"After the event of universal and eternal significance had taken place—the incarnation of the Son of God—we are not surprised that God should announce and illuminate it by means of celestial beings and miraculous phenomena, although Christ was born in humble circumstances. But is is noteworthy that these heavenly visions and miracles were not given to the world as a whole, but to a small group of simple shepherds and to a few wise men from the East."
Norval Geldenhuys, The Gospel of Luke, (Grand Rapids: Eerdmans, 1983), 111.
It does seem rather strange that God would not announce his promised Savior in splendor to the entire world. But then when you look back on history, it doesn't seem so strange after all. Think back on the numerous times that God has used the weak to overcome the mighty. He seems to delight in showing his strength through humble people. Think of David and Goliath, Gideon's band of 300, Elijah at Mount Carmel, and Peter speaking to the Sanhedrin. In every case, the person used by God was an unlikely choice, but God was able to show his greatness through those who believed and obeyed him.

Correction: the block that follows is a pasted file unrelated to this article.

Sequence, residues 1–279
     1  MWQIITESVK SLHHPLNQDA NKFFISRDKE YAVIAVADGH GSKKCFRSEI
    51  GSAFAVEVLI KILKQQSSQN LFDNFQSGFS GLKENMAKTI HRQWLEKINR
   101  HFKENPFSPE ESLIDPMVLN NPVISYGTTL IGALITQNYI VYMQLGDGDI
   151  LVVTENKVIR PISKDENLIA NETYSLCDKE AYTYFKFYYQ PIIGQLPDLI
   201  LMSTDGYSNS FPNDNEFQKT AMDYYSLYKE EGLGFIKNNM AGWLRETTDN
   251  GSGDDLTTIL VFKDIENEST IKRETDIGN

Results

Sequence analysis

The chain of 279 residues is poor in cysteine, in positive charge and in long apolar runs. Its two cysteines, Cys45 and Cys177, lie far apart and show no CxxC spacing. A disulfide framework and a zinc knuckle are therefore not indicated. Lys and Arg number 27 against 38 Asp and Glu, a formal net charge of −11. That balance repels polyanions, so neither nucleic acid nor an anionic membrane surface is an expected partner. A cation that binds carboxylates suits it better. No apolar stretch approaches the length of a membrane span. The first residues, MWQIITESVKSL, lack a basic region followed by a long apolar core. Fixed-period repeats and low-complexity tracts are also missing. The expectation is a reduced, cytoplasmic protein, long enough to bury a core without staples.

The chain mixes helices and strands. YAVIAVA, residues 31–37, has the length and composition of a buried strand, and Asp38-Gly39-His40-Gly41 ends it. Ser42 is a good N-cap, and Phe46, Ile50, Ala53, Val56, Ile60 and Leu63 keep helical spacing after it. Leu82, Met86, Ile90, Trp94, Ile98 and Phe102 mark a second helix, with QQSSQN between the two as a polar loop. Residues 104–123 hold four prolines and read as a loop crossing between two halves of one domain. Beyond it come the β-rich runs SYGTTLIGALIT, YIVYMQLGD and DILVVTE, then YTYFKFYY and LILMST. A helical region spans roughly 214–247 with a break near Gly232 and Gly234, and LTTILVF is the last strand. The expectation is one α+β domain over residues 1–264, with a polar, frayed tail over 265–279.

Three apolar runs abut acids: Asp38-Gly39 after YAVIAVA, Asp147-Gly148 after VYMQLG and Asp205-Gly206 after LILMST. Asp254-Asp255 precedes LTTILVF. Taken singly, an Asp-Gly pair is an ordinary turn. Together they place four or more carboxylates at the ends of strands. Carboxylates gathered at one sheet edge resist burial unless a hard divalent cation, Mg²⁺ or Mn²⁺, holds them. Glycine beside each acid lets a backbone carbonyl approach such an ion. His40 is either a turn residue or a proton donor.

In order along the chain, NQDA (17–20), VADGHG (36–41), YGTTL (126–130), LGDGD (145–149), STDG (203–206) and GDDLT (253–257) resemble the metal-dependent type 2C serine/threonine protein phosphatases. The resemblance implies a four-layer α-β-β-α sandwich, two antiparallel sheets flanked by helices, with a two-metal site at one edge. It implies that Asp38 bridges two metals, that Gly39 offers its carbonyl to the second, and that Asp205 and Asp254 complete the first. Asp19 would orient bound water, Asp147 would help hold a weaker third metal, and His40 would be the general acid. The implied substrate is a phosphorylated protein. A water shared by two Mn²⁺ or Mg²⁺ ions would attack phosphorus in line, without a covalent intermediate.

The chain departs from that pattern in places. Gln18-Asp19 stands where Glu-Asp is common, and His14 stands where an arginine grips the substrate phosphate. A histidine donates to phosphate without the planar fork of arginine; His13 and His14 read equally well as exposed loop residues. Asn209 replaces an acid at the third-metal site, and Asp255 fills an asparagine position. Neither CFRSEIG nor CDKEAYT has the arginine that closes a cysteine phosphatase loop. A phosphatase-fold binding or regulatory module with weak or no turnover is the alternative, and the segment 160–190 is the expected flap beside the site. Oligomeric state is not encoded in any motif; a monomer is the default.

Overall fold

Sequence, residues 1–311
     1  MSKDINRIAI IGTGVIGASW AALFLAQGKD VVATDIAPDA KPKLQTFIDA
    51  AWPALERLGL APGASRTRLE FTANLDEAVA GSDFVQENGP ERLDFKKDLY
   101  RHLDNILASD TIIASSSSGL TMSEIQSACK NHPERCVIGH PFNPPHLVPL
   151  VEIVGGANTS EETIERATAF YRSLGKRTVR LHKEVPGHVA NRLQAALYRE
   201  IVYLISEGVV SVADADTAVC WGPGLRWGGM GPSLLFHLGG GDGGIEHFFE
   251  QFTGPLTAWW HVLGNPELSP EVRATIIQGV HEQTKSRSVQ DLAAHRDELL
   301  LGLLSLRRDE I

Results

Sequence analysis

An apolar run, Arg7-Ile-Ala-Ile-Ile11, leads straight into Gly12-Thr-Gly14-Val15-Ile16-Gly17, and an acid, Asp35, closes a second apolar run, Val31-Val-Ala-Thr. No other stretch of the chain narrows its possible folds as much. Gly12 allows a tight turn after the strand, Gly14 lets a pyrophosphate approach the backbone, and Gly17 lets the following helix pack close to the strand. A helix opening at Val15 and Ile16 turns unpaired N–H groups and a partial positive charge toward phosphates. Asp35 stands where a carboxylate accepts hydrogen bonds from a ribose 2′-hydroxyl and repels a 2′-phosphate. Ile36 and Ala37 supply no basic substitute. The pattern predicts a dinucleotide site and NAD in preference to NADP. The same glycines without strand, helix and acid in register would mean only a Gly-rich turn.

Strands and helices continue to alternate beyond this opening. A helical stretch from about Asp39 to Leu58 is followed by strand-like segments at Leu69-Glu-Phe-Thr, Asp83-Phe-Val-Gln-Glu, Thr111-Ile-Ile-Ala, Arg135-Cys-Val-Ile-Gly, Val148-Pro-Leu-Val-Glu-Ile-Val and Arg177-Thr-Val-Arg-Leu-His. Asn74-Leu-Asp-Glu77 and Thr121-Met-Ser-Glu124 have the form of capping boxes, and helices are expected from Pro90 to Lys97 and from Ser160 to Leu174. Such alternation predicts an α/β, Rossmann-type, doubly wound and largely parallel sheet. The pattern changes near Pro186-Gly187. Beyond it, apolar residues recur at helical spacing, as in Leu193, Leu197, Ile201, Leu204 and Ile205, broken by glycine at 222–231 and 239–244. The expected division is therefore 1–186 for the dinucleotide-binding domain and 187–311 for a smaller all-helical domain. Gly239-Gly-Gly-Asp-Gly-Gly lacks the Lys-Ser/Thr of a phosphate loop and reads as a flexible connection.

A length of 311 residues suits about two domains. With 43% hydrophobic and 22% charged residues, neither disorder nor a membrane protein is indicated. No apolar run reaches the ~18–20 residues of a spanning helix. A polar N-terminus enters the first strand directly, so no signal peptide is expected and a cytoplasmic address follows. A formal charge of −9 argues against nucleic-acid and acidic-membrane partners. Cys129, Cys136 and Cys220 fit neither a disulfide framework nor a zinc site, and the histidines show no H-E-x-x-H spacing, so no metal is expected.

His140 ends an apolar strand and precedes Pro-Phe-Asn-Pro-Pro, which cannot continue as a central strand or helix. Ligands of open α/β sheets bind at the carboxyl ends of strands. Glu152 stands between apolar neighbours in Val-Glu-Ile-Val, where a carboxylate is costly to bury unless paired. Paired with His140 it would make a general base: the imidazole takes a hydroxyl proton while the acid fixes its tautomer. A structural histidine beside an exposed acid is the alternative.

For you see your calling, brethren, that not many wise according to the flesh, not many mighty, not many noble, are called. But God has chosen the foolish things of the world to put to shame the wise, and God has chosen the weak things of the world to put to shame the things which are mighty; and the base things of the world and the things which are despised God has chosen, and the things which are not, to bring to nothing the things that are, that no flesh should glory in His presence.
1 Corinthians 1:27-29